Texte paru dans: / Appeared in:

GRAMOPHONE (04/2020)
Pour s'abonner / Subscription information


Code-barres / Barcode : 034571282855

Outil de traduction (Très approximatif)
Translator tool (Very approximate)

Reviewer: Alexandra Coghlan

Ingeniously programmed and impeccably delivered, with that undefinable excitement that comes from a group of musicians working absolutely as one, The Gesualdo Six’s ‘Fading’ is startlingly, urgently excellent. If their first album (‘English Motets’, 4/18) pricked up the ears and their second (‘Christmas’, 12/19) confirmed their talent, this third recording from the young, all-male vocal ensemble feels like an arrival, showing us exactly what this group is capable of.

‘Fading’ is an album of dusk and dawn, autumn and spring – music from the cusp, caught between light and dark, innocence and experience. What opens with candlelit music for Compline, fading to black, closes outdoors in the stirrings of rebirth and rich new beginnings. The now ubiquitous combination of Renaissance and contemporary works is carefully handled, with plenty of new and unfamiliar names – Sarah Rimkus, Gerda Blok-Wilson, Jonathan Seers – in the mix as well as unexpected choices from Gesualdo and Marenzio alongside classics by Tallis, Lobo and Gombert. Music director Owain Park has built his sequence thoughtfully, and much of the joy here comes from the conversations between works: the melting resolution from Joanna Marsh’s ‘Fading’ into the sober certainty of Byrd’s ‘My sweet little baby’ (the lullaby’s unusually low key giving it a caressing warmth and pillowy depth thanks to the group’s fine basses), the fragile legato lines of Hildegard of Bingen’s O Ecclesia shattering into the echoing melodic fragments that open Rimkus’s My heart is like a singing bird, the way Tormis’s aphoristic little Estonian Lullabies energise and reset the ear before the longer polyphonic pieces.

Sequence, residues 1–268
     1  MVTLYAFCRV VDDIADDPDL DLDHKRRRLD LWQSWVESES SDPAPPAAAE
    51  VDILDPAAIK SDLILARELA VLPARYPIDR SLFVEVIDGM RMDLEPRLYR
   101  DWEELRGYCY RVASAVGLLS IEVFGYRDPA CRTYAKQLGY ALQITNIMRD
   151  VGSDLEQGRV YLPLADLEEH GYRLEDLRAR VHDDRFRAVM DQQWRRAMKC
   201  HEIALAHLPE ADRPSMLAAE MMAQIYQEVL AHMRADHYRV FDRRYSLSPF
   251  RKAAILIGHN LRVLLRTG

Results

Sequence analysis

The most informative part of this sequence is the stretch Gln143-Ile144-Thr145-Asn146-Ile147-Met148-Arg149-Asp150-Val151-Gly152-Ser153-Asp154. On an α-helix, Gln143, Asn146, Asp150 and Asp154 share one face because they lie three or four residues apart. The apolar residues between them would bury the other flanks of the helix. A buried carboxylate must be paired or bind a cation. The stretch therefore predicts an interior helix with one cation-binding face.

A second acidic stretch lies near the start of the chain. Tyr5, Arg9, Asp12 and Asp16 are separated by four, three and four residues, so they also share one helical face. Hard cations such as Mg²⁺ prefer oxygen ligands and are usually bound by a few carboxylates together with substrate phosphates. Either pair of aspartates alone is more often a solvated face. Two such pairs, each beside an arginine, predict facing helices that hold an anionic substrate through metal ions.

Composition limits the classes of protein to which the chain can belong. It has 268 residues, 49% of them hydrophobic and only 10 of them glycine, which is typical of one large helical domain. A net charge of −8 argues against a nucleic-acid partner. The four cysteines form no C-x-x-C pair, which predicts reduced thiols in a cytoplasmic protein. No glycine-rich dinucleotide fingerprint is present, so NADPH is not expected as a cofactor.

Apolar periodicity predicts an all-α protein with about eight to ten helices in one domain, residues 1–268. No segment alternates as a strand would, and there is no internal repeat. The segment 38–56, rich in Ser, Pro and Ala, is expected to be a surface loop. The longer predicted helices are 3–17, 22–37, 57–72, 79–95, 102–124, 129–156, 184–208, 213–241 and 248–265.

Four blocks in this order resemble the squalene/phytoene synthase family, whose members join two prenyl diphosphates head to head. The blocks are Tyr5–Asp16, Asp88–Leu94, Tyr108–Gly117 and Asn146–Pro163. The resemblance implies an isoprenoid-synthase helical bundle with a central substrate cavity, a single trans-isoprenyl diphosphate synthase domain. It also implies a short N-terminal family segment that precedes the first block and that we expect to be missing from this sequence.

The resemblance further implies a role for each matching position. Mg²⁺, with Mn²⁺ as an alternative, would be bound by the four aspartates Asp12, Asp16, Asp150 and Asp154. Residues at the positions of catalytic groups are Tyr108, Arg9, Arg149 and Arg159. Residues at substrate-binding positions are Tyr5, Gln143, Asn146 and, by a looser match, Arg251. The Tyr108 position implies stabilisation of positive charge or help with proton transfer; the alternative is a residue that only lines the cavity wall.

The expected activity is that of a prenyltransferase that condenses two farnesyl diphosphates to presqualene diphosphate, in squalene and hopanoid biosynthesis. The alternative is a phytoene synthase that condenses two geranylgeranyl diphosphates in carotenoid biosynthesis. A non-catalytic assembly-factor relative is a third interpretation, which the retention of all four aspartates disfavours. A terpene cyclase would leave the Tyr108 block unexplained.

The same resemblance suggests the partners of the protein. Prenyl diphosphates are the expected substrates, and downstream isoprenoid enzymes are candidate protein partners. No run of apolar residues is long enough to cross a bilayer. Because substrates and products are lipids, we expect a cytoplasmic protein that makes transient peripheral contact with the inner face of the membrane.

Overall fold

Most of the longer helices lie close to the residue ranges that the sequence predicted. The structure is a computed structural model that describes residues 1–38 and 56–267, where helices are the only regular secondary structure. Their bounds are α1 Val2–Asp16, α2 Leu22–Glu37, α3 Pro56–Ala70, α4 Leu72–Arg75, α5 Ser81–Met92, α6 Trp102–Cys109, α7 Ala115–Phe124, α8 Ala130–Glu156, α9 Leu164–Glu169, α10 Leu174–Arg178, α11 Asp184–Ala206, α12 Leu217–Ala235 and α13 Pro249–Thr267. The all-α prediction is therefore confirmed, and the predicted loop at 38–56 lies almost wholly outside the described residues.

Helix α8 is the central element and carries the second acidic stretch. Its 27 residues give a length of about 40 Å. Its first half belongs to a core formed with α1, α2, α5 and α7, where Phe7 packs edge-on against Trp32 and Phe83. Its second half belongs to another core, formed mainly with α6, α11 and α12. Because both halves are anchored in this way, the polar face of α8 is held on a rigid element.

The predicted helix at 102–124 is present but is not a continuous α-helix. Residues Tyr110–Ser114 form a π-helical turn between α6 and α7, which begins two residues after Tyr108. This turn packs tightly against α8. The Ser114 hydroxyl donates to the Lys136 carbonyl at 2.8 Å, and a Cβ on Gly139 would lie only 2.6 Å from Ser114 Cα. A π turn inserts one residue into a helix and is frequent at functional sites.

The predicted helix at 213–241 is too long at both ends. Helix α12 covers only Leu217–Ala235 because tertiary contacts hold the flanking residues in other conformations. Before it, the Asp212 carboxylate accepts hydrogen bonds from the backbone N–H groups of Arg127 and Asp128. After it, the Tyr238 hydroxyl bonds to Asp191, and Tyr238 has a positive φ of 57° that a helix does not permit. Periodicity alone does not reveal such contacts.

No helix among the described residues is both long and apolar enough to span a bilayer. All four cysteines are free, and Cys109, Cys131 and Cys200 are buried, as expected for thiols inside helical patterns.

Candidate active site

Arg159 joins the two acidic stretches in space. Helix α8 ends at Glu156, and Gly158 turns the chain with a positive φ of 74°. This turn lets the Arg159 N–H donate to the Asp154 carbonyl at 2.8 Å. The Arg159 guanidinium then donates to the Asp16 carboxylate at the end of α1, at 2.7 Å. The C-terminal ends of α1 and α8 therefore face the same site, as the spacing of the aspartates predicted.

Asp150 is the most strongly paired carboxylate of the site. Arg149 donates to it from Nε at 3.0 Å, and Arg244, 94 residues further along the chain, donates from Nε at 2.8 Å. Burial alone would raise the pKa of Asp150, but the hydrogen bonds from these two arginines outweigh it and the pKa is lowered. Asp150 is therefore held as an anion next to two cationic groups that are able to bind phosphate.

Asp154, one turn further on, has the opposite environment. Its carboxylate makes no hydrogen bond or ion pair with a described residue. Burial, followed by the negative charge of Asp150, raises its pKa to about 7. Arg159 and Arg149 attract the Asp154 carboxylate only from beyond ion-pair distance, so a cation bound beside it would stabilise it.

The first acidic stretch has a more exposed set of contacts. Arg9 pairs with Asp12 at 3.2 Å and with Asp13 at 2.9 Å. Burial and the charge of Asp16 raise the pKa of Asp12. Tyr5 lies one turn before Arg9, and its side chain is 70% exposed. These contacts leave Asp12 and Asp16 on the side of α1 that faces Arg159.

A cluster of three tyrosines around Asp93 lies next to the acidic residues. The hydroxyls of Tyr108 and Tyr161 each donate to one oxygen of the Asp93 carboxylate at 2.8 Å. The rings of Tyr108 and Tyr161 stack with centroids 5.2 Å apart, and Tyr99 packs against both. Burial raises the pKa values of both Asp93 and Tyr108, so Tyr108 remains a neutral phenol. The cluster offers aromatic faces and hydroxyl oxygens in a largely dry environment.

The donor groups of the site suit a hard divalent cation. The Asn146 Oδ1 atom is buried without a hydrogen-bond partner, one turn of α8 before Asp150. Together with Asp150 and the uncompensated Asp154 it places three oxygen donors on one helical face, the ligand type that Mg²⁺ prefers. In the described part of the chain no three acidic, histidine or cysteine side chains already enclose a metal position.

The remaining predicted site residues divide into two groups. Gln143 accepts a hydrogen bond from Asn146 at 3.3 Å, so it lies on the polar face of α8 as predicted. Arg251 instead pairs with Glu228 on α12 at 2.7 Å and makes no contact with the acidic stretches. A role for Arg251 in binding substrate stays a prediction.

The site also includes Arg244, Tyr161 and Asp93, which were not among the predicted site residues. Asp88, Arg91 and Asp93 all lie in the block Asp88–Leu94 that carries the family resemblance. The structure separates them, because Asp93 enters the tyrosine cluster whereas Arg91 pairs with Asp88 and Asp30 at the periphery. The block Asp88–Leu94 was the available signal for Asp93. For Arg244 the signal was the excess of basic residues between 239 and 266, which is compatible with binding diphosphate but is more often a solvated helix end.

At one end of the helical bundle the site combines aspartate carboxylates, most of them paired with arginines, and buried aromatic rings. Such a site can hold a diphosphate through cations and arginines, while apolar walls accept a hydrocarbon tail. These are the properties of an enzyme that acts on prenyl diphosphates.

The quality of the singing – the blend and bass-anchored balance, the rounded, unforced tone, the control from solo voices – is exhilarating. But what’s even more exciting is what we don’t hear. These aren’t performances that call attention to themselves. The polyphonic instinct to listen and pass focus between the voices runs right through the repertoire, which breathes with instinctive momentum, natural rather than enforced expression, finding spaces within the music rather than bending it into statements.

If you think you don’t need another account of Gombert’s mighty Media vita or Lobo’s Versa est in luctum, have heard enough performances of Tallis’s Te lucis ante terminum or simply don’t have space for yet another young English choral group on your shelves, then think again. The Gesualdo Six are the real deal. Far from fading, they’re just coming into focus.

Sélectionnez votre pays et votre devise en accédant au site de
Presto Classical
(Bouton en haut à droite)

Pour acheter l'album
ou le télécharger

To purchase the CD
or to download it

Choose your country and curency
when reaching
Presto Classical
(Upper right corner of the page)


Cliquez l'un ou l'autre bouton pour découvrir bien d'autres critiques de CD
 Click either button for many other reviews